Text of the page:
GRAND RAPIDS, Mich. — CrossFit, obstacle course races, Olympic lifting are just some of the intense workouts that take serious strength from both women and men. When women become pregnant, though, some face scrutiny for continuing to compete.
Some women FOX 17 talked to said they are asked why they are lifting heavy weights on barbells, or doing a large amount of push-ups and pull-ups. However, the idea that high intensity workouts are harmful to a baby during pregnancy is false, according to most doctors. The biggest restrictions rely on women listening to their bodies, and weighing the risk versus reward.
At Grit Life or CrossFit 616 in Grand Rapids you can find RaeAnne Porte, who’s 30 weeks pregnant, still doing pull-ups in her workouts consistently. Likewise, Melissa Burke, 39 weeks pregnant, can be seen still practicing her Olympic lifts, putting up some serious weight throughout her pregnancy.
“My workout regimen was actually pretty intense,” said Porte about her workout tendencies before pregnancy.
RaeAnne is a serious athlete, placing 25th out of 160 in the World Championship Spartan Race last year. Melissa is a fierce competitor in the lifting world. Both hoped to keep up their fitness even after getting pregnant.
“I have no idea. I was terrified. I had questions like what can I keep doing? What do I have to stop doing?”
Burke and Porte have felt great throughout their pregnancy, but they would be lying if they said they didn’t think twice when faced with questions and concern from family and friends.
“Some friends and family have shown a little bit of concern. It is hard when people haven’t been at this level of fitness before and then to see a pregnant lady doing it is shocking,” said Porte.
The medical science is on their side.
“I think there is a lot of misinformation out there about people saying it’s unsafe during pregnancy. The biggest thing is just to keep your fitness up because labor and delivery is the biggest athletic event of your life,” said Dr. Theresa Osmer of Doctor Flow Chiropractic in the Renew Mama Studio.
Dr. Osmer said one of the most common moves in high intensity workouts that women often are told not to do is squats, but she said that’s a myth.
“One of the biggest ones is don’t squat. And don’t squat below parallel is a big one. I just think historically we had to squat for a variety of different reasons, and unless you have a baby that is in breech presentation, squatting is perfectly safe throughout your pregnancy,” said Osmer.
Women can do most physical activity that they would do before being pregnant, but doctors said there are still some limits.
“They can continue lifting if they were lifting before. Things that we generally don’t recommend are things that are high trauma like horseback riding, where a mother out of the first trimester could fall. Sky-diving, scuba diving are also risky, but most sports and recreational activities are absolutely ok,” said Dr. Danielle Schirm of Metro Health.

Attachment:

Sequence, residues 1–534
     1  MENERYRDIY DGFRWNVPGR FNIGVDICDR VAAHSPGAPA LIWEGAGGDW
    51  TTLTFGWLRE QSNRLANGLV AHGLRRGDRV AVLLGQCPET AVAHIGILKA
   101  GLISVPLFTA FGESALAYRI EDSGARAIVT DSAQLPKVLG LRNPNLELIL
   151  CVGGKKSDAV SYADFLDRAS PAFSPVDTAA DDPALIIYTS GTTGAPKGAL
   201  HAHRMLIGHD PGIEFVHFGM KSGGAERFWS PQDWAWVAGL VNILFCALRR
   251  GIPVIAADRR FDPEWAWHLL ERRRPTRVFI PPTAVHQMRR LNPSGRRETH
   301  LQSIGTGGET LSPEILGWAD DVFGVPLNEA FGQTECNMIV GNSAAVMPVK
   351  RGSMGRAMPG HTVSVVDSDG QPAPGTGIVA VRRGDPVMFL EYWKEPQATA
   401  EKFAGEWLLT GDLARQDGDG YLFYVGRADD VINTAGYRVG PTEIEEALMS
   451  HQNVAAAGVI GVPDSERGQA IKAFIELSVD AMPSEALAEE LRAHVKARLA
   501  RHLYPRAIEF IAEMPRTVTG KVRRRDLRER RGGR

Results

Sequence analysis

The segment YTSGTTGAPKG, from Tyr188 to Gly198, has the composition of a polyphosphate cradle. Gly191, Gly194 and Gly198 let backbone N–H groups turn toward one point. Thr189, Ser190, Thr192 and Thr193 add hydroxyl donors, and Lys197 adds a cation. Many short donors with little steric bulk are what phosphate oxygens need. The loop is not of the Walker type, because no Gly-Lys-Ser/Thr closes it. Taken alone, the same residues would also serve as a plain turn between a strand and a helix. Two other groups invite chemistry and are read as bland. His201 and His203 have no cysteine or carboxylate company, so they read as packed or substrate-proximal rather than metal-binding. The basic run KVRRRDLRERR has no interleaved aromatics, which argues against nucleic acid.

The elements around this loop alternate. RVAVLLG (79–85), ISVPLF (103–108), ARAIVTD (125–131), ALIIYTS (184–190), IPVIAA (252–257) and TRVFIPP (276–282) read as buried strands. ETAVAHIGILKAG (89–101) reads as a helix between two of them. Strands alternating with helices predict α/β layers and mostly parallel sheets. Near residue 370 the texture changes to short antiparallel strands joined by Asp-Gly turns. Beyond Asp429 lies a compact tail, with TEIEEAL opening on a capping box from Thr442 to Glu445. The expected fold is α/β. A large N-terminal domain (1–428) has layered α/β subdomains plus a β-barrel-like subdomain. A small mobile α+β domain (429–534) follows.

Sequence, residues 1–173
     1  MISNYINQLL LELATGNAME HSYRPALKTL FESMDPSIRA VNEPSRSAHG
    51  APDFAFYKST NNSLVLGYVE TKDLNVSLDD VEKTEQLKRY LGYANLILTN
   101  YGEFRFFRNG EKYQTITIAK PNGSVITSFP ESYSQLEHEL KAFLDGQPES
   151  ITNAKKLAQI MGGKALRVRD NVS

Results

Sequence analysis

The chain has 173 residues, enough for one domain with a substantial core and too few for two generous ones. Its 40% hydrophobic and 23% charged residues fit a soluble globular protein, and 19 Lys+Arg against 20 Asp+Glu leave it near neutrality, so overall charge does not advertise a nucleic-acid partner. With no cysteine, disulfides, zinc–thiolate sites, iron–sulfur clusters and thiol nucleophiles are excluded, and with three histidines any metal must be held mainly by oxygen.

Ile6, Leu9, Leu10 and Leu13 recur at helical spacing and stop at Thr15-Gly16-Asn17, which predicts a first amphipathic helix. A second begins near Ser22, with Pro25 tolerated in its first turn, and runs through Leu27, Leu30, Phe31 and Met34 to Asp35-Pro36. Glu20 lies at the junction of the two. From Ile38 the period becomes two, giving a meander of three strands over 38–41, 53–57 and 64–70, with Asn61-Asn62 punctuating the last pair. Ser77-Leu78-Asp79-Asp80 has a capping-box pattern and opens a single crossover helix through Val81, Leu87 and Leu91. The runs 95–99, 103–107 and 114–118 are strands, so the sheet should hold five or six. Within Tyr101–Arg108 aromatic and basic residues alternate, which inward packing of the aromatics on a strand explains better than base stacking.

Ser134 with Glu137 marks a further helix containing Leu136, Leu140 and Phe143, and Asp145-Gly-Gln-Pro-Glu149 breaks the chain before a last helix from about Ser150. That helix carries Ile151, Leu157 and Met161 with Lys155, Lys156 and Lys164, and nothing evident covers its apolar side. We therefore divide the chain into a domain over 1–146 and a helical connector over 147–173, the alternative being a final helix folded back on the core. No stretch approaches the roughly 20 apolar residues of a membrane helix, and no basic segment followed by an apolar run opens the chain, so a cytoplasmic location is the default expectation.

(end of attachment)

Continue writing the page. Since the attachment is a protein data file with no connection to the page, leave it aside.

Dr. Shirms says it’s especially important for pregnant women to stay hydrated, consult your physician or OBGYN, and listen to their bodies, but as for intense workout activity affecting your pregnancy, that’s almost unheard of.
If you don’t believe Doctor Schirm you can just ask Meghan Pynnonen, Amber Hendrickson, and Andrea Andersen, who all continued intense CrossFit activity throughout their pregnancies. They said they didn’t expect for one moment that the high intensity workouts affected them or their baby in a negative way, rather they think it made for a much more comfortable pregnancy.
“I feel like I wasn’t nearly as fatigued as I would have been. I feel like I had a really easy delivery, just a few pushes and there he was,” said Andrea Andersen.
Amber Hendrickson’s son came two weeks later than their expected due date, but she said it didn’t phase her.
“I didn’t have a lot of the swelling and discomfort and lack of mobility that I kind of expected just came naturally with pregnancy. Because I was working out, I was able to be pretty comfortable until the very end,” said Hendrickson.
Despite some awkward looks from friends and tense family members wondering if their workouts were safe for their babies, they forged on.
“No I kind of felt proud. I felt proud because I was like here I am. Look at me. And maybe it’s not to the level that I used to do, but I am still doing something and I am still moving. So I was never ashamed,” said Pynnonen.
Good news for Burke and Porte, who plan to push-up and pull-up until the end.
It is always important to consult with your physician or OBGYN about your physical activity when you become pregnant, especially if you have a pre-existing medical condition like heart issues. While doctors say it’s safe to continue exercise, you should always listen to your body and make sure you’re supervised and safe in any movements you perform.